That brings us to the issue of mobile usability. Is their site responsive? You can usually tell (even on a desktop) by shrinking the size of your browser window. If the elements on the page are easier to see and navigate in a very small window, their site has a responsive design. Mobile usability is critical and Google has announced that starting April 21st, mobile rankings will be affected by a site’s mobile-friendliness.

3. On-Site Optimization

It usually easy to see if a firm has invested in optimizing their site for search engines. Do their page titles contain keywords or are they just generic titles such as “home” or “services”?

You can take this a step further by analyzing a site’s source code. Go to any page on their site and right-click. In most browsers, you should see an option to “View Page Source.” Clicking on this will open a window with the source code of that page. Many times firms will try to optimize their site pages by including a meta keywords tag similar to the one below:

Meta Description Code SnippetIf competitors do this, it helps you for two reasons: they are not getting any search engine benefits (Google stopped taking this tag into account way back in 2009) and they are providing you with an inside look at the keywords they would like to rank for. Congrats!

Now that you have gone through your competitors’ websites, it’s time to evaluate other online areas where they may be present.

Analyze their Social Media Presence

The two main social networks AEC firms’ competitors will most likely be active on are LinkedIn and Twitter. That being said, many firms have a poor social presence. Congrats again – you have a great opportunity to engage potential clients where your competitors do not even exist.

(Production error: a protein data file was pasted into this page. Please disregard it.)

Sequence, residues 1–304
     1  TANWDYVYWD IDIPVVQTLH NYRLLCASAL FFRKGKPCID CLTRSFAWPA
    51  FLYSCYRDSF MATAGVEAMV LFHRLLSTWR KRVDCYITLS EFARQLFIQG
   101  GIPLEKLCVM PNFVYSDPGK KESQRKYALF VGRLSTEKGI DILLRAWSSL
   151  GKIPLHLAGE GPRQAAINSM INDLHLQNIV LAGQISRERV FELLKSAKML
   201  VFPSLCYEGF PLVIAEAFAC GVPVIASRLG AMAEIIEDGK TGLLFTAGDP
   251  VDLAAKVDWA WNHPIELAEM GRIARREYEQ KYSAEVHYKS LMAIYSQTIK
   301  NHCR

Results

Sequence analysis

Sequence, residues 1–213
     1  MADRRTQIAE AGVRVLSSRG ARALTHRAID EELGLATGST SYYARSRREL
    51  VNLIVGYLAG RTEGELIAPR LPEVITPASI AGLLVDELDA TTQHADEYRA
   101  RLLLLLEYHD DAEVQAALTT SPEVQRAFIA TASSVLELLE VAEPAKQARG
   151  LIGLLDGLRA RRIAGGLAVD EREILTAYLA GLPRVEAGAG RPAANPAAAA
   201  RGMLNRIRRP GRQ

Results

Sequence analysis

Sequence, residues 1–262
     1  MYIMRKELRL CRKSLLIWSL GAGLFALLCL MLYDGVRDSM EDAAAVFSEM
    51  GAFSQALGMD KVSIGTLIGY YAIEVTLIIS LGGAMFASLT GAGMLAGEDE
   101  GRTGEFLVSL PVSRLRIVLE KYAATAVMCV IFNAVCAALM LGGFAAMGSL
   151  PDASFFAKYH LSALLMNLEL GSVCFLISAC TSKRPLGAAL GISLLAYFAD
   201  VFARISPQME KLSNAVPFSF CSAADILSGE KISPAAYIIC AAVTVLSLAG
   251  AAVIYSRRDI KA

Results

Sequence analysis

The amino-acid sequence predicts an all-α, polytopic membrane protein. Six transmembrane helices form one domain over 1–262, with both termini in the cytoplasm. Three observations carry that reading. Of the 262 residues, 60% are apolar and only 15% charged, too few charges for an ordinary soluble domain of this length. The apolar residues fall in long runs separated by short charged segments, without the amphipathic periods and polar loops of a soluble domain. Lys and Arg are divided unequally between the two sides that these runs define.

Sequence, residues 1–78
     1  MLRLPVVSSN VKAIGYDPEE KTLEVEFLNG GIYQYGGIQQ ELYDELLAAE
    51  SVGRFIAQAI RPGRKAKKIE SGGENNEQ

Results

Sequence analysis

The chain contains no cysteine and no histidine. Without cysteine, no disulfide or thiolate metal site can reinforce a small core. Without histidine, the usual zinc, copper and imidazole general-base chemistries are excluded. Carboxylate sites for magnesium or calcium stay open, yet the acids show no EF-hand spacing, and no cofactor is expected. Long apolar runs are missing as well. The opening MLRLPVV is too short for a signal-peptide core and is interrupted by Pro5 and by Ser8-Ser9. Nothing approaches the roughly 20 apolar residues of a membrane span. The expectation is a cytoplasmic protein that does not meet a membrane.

Most firms have a LinkedIn page. The question is, are they doing anything with it? Is their firm profile filled out? Do they list their service offerings?

Are they sharing content on their company page? If so, what kind of content? This is usually where you can see if they are producing thought leadership material. Firms that are sharing content will most likely publish blog posts, white papers, webinars, upcoming events, etc.

You can take this one step further as well. AEC firms often have subject matter experts (SMEs), but most firm’s SMEs do not actively engage on LinkedIn. There is a large number of LinkedIn Groups around every subject imaginable. Are their firm’s SMEs active in any groups? If not, this provides another great opportunity for your firm.


When was the last time there was any activity on your competitors’ Twitter feeds? An hour ago or seven months ago? If they are posting regularly, what kind of content are they publishing? Is their feed only filled with their own content or are they sharing others content as well?

Let’s consider hashtags. Many firms post content without hashtags, which limits a post’s reach by only being seen by their followers. By including a hashtag, such as #architecture, content can be found by non-followers searching for architecture-related content.

After evaluating these areas of your competitors’ online presence, now what? Identify the areas where they are weak and/or non-existent. Focus your efforts and resources in these areas. Last but not least, track your results!



Kevin Bloom